If you’ve ever watched an episode of Oprah where she subjects bathrooms, and other commonly used places by the housewife masses of America, with a black light, then you know how freaked out people are about dirty things. Well, your makeup brushes are no exception. Seriously, Oprah would give out free faints for everyone, if she knew. But it’s okay, people, makeup artists have the answer, and a bonus, it’s great for the condition of your brushes. Because, let’s be honest, your brushes are starting to look like Egle Tvirbutaite and Annemarie van Dijk from this shoot in August 2010 for Vogue Italia!

Truly Pure Shampoo and Conditioner by Jane Iredale


Most brushes are natural hair and need to be washed and conditioned like the locks on our own heads or they build up bacteria. So, what products are out there to help us keep our faces breakout free?
Best Brush Shampoo: Truly Pure Shampoo and Conditioner by Jane Iredale. This product is gentle, effective and leaves your brushes feeling fresh and conditioned.

Best Quick Spray Brush Cleanser: Parian Spirit Brush Cleaner. This stuff works like a dream, but be careful not to leave your brushes soaking too long in this stuff. It can have a drying effect and can even strip the protective coating on the handle of your brushes. Give them a quick spray and then rub them out on a paper towel until you get all the product out.
Worst Spray Brush Cleanser: Paula Dorf “Brush Out”. This stuff leaves a residue on the hairs and also has a very hard time getting any cream based products out. If you’ve got a waterproof product in your bristles you are S&*% out of luck. I am not a big fan of MAC’s brush cleaner either, it is gentle which is good, but you literally need to soak your brushes in this fluid to get everything out, so it won’t save you any more time than shampooing.
Best Human Hair Shampoo to use on makeup brushes: Your vanity and bathroom counter starting to look like the cosmetics counter at Macy’s? Don’t worry, you don’t have to choose between more clutter or clean brushes. You can opt for something you probably already have in your bathroom. Johnson and Johnson Baby shampoo leaves your brushes squeaky clean, and free of the residue that some shampoos can leave behind. One piece of advice though, you want to avoid any buildup on your bristles because it can come off on your eye shadows and also impede the application onto your subject’s face.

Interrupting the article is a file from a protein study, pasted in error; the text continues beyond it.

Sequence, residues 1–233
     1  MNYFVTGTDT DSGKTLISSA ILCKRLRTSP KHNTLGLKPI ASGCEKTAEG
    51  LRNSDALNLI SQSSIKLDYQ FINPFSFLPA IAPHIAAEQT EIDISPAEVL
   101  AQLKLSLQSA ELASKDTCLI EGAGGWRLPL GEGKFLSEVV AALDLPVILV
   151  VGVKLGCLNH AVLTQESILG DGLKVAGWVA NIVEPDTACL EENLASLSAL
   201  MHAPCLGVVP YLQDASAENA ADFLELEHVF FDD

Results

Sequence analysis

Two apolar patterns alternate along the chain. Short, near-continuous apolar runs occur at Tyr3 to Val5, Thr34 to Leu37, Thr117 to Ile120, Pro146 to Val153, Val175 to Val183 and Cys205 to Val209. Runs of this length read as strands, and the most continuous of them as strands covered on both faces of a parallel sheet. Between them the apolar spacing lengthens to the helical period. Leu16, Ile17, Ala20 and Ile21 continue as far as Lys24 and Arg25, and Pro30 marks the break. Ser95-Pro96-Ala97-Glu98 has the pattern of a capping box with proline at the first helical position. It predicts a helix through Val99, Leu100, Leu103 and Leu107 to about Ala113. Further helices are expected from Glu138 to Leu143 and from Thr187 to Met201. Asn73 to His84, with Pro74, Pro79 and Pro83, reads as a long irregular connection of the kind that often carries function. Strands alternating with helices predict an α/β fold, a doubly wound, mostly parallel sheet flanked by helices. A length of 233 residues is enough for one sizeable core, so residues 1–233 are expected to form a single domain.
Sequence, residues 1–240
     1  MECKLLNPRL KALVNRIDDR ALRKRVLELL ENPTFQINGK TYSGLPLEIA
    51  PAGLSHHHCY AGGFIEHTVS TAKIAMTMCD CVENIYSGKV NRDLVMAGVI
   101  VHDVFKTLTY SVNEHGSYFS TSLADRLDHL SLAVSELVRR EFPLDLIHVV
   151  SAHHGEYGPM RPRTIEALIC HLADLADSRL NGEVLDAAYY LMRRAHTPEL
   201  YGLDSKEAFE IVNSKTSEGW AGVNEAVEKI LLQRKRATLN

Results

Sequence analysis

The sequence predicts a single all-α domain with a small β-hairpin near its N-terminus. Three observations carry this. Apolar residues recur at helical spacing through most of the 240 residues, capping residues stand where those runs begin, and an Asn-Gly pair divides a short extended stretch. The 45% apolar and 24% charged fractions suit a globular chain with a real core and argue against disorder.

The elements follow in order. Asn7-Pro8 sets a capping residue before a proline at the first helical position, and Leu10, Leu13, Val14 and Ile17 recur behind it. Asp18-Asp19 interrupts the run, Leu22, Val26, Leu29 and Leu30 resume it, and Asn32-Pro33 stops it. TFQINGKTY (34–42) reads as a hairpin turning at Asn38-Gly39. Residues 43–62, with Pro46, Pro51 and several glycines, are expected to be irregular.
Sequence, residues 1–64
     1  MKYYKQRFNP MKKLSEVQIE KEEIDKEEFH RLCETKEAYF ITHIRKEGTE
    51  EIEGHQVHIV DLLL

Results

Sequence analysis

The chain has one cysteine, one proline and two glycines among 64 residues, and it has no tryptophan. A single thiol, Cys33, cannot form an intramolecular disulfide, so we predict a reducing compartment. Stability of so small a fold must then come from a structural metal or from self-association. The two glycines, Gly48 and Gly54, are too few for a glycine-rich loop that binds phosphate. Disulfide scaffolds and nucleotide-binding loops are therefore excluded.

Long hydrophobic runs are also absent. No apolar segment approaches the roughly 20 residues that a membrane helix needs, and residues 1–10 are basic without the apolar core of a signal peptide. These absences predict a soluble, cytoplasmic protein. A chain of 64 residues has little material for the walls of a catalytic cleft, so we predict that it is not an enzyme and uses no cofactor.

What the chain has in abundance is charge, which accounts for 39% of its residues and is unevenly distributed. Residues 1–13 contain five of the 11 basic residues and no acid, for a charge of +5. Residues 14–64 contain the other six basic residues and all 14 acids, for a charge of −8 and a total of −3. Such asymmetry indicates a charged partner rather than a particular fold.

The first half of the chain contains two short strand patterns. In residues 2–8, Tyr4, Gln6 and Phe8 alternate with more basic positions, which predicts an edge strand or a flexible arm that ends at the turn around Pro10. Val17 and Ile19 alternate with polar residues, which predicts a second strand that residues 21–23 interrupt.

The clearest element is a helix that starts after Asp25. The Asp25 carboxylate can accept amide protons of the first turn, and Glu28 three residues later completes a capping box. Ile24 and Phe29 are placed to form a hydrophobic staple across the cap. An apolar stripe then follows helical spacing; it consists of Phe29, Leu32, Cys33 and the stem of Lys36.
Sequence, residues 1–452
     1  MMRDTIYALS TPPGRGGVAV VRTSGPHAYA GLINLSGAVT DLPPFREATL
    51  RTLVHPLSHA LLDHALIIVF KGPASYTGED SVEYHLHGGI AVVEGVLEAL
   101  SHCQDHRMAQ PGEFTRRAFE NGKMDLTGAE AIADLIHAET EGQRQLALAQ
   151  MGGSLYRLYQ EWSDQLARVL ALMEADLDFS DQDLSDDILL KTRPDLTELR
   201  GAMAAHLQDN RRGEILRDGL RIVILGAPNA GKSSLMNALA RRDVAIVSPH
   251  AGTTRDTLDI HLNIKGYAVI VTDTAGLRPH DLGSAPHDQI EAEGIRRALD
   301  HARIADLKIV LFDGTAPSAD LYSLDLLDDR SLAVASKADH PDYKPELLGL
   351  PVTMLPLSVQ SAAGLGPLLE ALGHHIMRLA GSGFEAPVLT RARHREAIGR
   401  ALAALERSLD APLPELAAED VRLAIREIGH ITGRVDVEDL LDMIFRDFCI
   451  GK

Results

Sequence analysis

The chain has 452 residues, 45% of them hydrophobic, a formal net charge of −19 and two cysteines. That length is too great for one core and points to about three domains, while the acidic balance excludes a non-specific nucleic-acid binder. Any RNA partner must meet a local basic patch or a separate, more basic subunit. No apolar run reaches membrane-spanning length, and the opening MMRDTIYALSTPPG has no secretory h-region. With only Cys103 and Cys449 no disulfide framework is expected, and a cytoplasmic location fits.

Best solid bar brush soap: DaVinci Conditioning Brush Soap.
Best Natural/Botanical brush cleaner: Jane Iredale Botanical Brush cleaner. Pros: it’s all natural and can effectively remove mineral makeup from brushes. Cons: it has a very strong smell that stays on your bushes for a while. And, it has a hard time getting out cream based products.


Whatever product you choose, you should get into the habit of cleaning your brushes regularly. If you’re a makeup artist shampooing is something you should do several times a month. For personal use, once a month is fine. Don’t forget pros, spot cleaning is key between deep cleans. I use the product above.
1: First up, lay a towel down on a flat surface next to a sink (If your bathroom has a pedestal sink, then your kitchen works fine).
2: Add a small amount of shampoo to your palm.
3: Wet the end of your brush.
4: Gently wipe the brush in the shampoo like you were painting.
5: Rinse the brush. Repeat until no more makeup comes off in your palm.
6: Lay the brush on the towel to dry.
Simple, right?

Do’s and Don’ts:

DON’T leave your brushes upright while they dry, this will weaken the bond in the handle and cause your hairs to fall out faster. Instead leave them to dry flat.
DO buy “hand tied” brushes. That means they are tied into the handle, not glued. They are roughly the same price as the glued in brushes, but will last you twice as long.
If you’re a pro, DO Wash your brushes between each client to maintain sanitary standards.
DON’T forget to reform your brushes before they dry to avoid them drying into crazy shapes that cause them to become useless at the task they are designed to do.